The correlation between musical training and math proficiency may e associated with improved working memory performance and an increased abstract representation of numerical quantities.

Music and mathematics

Studying musical forms can help children understand complicated mathematical and scientific concepts; conversely, studying mathematics can help the comprehension of the physical properties of musical elements as pitch and overtones. There are some incredible correlations to be between musical structures, patterns found in the natural world and complex mathematical phenomena.

In 1999 in experiment for Neurological Research magazine set out to research the link between active music study and mathematical learning. Students who had studied fractions using a music-based model, involving divisions of the beat scored 100 percent higher than their colleagues who were taught in the conventional manner. It appears that by explaining the mathematical through a musical model, the students could comprehend the through physically feeling and hearing the results of such divisions.

Music can help the kind of reasoning skills used for processing equations and equations and long functions, as it requires thinking in space and time.

Scientists have been able to provide compelling evidence to prove instruction in instruments is an excellent way of stimulating general spatial abilities in young children. Many of the studies have focused on keyboard instruments.

Learning an instrument can help enhance spatial-temporal abilities in children. Listening to music often does not produce the same effects, despite early evidence to the contrary. Spatial-temporal abilities are critical for being able to sequence information and ideas, for advancing analysis and reasoning, building higher mathematical skills, refining visual interpretation, and comprehension, as well as helping with planning skills.

A keyboard instrument, such as the piano, presents a spectrum of pitches in a particular prescribed layout. To the developing child, this offers a framework upon which to hang an incredibly complex concept — the division of pitch.! Most Western music uses a diatonic division of pitch.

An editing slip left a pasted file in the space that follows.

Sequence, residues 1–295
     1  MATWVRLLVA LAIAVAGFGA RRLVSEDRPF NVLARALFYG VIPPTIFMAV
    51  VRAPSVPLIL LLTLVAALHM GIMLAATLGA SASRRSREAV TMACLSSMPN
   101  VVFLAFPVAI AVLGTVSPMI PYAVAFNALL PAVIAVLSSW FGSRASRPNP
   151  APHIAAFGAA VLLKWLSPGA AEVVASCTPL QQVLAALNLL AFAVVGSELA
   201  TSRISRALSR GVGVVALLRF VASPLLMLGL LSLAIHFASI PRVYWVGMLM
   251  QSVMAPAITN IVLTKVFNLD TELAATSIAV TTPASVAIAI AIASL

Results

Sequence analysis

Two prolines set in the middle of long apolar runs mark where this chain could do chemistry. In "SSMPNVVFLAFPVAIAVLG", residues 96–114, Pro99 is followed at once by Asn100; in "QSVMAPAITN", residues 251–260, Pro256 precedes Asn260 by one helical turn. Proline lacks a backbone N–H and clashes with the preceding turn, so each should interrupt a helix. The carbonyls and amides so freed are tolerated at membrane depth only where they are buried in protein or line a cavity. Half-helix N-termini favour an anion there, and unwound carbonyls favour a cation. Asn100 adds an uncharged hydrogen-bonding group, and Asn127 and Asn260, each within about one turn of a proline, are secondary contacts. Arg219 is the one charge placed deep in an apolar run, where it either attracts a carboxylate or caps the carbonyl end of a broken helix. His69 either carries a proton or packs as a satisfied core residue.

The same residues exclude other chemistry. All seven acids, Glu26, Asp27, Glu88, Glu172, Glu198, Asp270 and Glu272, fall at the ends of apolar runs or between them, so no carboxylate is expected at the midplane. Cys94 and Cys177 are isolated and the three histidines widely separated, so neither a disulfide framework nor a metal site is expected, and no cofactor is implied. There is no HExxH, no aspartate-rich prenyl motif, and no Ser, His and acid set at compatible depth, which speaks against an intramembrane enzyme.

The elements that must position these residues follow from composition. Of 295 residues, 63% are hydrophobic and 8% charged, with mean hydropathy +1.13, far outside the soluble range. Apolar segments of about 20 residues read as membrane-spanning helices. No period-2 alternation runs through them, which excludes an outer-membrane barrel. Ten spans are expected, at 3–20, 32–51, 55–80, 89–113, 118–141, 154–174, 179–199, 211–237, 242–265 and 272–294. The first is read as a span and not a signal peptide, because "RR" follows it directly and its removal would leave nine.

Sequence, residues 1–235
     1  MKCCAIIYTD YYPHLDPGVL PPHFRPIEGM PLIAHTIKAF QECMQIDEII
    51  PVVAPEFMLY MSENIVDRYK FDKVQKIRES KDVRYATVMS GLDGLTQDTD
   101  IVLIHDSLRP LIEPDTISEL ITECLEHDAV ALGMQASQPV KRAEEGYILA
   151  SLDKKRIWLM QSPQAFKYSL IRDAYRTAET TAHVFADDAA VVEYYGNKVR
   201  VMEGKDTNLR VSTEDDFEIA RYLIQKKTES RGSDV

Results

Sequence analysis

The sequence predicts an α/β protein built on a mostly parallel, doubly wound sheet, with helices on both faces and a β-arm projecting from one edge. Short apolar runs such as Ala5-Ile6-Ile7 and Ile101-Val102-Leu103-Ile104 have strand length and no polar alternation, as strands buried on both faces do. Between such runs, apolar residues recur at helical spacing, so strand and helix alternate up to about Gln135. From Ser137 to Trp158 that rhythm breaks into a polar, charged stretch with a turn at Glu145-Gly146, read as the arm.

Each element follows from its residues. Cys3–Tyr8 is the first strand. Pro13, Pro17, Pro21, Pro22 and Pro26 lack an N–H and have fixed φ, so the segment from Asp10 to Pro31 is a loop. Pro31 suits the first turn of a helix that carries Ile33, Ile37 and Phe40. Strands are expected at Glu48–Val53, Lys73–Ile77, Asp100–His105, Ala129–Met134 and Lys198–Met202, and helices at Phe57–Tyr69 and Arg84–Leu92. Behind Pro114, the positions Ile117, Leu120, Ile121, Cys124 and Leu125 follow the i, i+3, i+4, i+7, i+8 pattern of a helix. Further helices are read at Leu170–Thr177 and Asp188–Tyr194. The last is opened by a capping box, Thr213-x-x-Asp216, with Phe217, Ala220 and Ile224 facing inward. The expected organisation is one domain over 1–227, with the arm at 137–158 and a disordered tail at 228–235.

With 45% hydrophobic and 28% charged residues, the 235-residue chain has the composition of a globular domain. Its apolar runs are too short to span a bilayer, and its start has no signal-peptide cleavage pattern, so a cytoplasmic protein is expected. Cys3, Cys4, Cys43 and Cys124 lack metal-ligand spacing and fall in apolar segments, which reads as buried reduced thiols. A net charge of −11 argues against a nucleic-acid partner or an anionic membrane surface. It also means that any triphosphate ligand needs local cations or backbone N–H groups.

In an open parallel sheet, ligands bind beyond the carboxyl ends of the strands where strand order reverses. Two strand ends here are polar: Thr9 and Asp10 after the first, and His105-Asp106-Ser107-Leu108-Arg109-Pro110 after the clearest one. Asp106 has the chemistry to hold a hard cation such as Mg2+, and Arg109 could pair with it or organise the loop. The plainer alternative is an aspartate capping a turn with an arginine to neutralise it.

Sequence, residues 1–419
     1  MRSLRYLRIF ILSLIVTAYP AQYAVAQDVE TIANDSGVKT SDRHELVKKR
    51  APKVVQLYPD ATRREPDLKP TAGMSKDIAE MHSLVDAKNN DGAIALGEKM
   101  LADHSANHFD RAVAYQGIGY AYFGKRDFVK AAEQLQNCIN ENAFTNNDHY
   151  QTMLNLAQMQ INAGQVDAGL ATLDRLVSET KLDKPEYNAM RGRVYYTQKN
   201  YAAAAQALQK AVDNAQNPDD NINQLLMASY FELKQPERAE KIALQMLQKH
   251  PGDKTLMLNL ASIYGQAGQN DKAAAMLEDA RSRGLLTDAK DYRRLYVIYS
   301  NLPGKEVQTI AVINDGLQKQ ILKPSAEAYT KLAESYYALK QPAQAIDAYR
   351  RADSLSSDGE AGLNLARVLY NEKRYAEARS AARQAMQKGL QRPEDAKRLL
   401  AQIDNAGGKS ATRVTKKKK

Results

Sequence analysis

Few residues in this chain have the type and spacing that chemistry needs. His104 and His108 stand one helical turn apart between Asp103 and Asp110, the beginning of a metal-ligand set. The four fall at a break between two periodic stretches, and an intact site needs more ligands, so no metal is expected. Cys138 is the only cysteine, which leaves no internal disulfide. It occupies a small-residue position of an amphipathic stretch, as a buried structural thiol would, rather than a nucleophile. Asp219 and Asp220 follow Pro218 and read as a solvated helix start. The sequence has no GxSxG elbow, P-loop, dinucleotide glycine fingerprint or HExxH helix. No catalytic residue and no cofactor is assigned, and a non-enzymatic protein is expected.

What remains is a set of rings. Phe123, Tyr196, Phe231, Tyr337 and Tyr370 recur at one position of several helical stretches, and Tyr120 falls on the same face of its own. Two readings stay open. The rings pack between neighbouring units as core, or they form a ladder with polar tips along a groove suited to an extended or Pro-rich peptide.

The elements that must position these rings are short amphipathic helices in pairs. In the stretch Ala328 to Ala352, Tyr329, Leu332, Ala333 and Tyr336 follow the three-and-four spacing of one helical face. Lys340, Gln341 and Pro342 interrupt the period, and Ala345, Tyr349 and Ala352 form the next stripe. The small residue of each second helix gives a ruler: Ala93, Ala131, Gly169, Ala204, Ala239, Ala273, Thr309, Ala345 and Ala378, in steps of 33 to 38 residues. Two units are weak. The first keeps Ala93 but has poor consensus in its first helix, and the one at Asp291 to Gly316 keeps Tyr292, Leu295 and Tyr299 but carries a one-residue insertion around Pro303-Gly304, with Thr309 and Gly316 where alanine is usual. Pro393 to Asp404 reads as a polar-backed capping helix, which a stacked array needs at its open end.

Music can help build confidence

Music helps children to interact with others at ages when they may naturally shy. It can have dramatic effects on self-esteem by enforcing a of personal identity, and it can be used as a tool for building leadership by putting children in positions of creative control and giving them reasons to play, negotiate, and work together.

Music helps children to find their place in the world, to bond with their family, and become entrained in their culture.

The importance of instruments

There is one form of musical activity that, by its very nature, combines many forms of mental and physical development. That activity is, of course, playing instrument. I believe that playing an instrument generates so many coordination challenges and so many neurological stimuli that it should be an essential part of any child's development.

Learning an instrument can constitute one of the transitions from music in home to skills learnt and mastered outside the home environment. Even if you are a skilled instrumentalist yourself, it can be far more effective to have someone else teach your children an instrument. I believe the serious application that is required for the technical mastery of an instrument can detract from the environment of creative play one may have established in the home.

Long-term effects of music on the mind

Music appears to be able to sharpen young minds, making children quick-witted and mentally coordinated. It also appears to have longer-term mental benefits. Research carried out at Manchester University found that musicians are statistically far less likely to suffer senile dementia than other people.

Music can have powerful effects on the health of the body, and therefore has an effect on general mental and physical wellbeing.